I love a true story film and usually when you make a true story into a comedy it either turns weird or just plain sucks. Pain & Gain, while I enjoyed it, got very strange. This film on the other hand doesn’t try to make you laugh; it’s just generally funny, but not the whole way through. It has a great balance of comedy and dramatic moments and sometimes both together. The characters are…
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  • West: The Wolf of Wall Street 9/10- Think of the best Leonardo DiCaprio movie you have ever seen, now multiply it by infinite and take it to the depths of forever. Now you have a glimpse at how this movie will play out. I have never seen a movie like this before, it is the most dynamic and energetic movie I have ever seen.

    I do not understand why this movie did not get better reviews. Some people may have thought that it had no class and was vulgar with unnecessary language, but they should know that Martin Scorsese films have never just tried to be good while staying on the same line that all other movies do so that it is deemed acceptable to all. No, Scorsese sees that line and says the hell with you line, I will do what I want. He achieved greatness with this movie by doing so.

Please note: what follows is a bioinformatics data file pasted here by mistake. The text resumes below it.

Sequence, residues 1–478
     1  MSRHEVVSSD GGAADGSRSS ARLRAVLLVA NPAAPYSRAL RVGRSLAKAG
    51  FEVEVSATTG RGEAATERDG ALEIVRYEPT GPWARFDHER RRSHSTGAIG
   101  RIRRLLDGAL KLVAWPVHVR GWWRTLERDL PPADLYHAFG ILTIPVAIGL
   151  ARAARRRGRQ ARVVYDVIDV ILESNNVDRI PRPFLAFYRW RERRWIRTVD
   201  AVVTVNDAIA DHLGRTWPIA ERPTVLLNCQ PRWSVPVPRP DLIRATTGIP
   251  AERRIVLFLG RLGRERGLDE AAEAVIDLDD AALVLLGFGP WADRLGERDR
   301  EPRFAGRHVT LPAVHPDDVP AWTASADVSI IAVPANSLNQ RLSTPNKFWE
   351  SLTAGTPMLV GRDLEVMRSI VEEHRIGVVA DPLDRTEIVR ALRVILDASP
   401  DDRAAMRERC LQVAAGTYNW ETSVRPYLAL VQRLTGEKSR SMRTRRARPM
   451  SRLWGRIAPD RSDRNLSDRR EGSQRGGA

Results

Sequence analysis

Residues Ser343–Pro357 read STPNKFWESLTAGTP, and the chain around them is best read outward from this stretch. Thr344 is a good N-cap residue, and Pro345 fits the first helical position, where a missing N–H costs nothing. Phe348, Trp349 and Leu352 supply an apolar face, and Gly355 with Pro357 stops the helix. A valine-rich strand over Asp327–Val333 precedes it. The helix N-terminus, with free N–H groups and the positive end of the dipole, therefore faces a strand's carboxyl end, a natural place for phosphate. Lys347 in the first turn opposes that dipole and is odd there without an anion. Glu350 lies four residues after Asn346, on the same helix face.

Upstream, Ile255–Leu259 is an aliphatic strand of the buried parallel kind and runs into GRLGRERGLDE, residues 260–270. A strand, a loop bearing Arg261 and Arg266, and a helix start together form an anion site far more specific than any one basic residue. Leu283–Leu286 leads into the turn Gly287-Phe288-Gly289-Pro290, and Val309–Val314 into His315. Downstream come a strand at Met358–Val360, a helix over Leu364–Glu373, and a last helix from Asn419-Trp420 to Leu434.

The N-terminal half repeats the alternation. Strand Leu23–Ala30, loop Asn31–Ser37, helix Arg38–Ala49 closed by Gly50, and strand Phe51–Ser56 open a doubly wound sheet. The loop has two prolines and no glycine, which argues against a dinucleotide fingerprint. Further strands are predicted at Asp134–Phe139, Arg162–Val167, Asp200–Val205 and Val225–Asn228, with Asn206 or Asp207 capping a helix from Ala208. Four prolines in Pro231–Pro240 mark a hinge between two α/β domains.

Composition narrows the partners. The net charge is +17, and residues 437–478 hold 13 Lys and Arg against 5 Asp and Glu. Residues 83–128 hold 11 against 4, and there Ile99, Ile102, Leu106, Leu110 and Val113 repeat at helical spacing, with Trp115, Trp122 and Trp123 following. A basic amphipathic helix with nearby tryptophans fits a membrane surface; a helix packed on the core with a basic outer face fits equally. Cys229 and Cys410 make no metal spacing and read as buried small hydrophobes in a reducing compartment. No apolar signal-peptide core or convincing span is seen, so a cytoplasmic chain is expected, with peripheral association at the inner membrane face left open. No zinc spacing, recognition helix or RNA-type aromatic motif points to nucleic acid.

I guarantee that no one in this movie was playing themselves, but they fooled everyone. They could fool themselves to believing that they were these unpredictable, drug addicted stock brokers who broke every financial law in America. Leonardo DiCaprio is probably the one of the few actors in Hollywood right now who has been great in every movie he has been in. He just has the raw talent that is necessary to be number one. He delivered the best performance of his magnificent career in this film playing the once legendary stockbroker Jordan Belfort. He delivered a perfect New York accent and the way he was able to show all of the different versions of the character he had was truly amazing. I honestly feel bad for Jonah Hill because he gave the best performance of his career as well but when you put him right next to Leo, Jonah Hill’s performance looks like a first grade school play. Still, credit should be given to Jonah Hill because I firmly believe that only a few people could play this role as well as he did. Jonah’s performance in The Wolf of Wall Street is a million times better than his performance in Moneyball. Aside from those two, who were really the only people who were in the movie consistently, the acting’s decent.